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Dangerous Sex, Invisible Labor

Sex Work and the Law in India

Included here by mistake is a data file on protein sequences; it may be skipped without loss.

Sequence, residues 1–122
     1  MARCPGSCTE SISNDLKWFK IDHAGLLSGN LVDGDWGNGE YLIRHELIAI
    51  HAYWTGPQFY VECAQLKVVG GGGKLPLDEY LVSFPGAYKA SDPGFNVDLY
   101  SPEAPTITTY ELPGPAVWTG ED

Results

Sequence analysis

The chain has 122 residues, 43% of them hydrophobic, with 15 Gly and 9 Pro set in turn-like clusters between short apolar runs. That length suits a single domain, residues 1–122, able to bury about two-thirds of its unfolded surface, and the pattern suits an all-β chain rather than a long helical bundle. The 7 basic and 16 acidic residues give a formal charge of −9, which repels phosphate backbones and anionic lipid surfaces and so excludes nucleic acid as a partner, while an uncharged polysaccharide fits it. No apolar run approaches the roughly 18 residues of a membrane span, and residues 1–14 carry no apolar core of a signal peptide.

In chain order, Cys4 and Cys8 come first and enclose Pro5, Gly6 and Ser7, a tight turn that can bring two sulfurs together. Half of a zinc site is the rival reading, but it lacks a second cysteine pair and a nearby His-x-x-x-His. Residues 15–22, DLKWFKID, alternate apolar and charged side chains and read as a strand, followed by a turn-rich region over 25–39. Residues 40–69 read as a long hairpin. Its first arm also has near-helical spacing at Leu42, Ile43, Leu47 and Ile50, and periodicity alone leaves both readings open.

"This groundbreaking study brilliantly maps feminist ideas that have powerfully influenced law reform around sex work and trafficking. Kotiswaran convincingly makes the case that the welfare of sex workers in the developing world depends on complex factors that can be identified only through a local, legal realist account, and which have been virtually ignored by feminist theory. Read this book: it will challenge what you think you know."--Janet Halley, Harvard Law School ""Dangerous Sex, Invisible Labor" makes a great contribution to feminist theory as it takes on the contentious debate within feminism between abolitionist and sex worker perspectives on trafficking. It offers a clear-eyed, judicious analysis of these positions and that of an emerging middle path, enriched by the insights provided by postcolonial feminism and Kotiswaran's fascinating ethnography on sex work in India."--Sally Engle Merry, New York University "This book is fascinating, provocative, and likely to change the reader's ideas about sex work in the global south, about sex work in general, and about feminist responses to sex work. In a word, it is brilliant."--Duncan Kennedy, Harvard Law School "Prabha Kotiswaran maps, in gifted yet poignant ways, the geographies of injustice in the third-world sex trade. Speaking to specific Indian social, political, and constitutional contexts, she fully addresses the obscenity of global sex trafficking, as well as interlocutes all our rather fond human-rights-friendly yet historically effete discourses. Kotiswaran tests and teases new insights arising from taking seriously the voices of suffering women."--Upendra Baxi, professor emeritus, University of Warwick "A significant contribution to feminist theorization and legal studies of sex work. Taking up the polarized debate about sex work, Kotiswaran powerfully conveys the complexity of sex workers' experiences on the ground. A major strength of her analysis is how it highlights the need to understand the paradoxical effects of legal reform by contextualizing its realization in the web of civil rules, social norms, enforcement cycles, and market forces."--Sealing Cheng, Wellesley College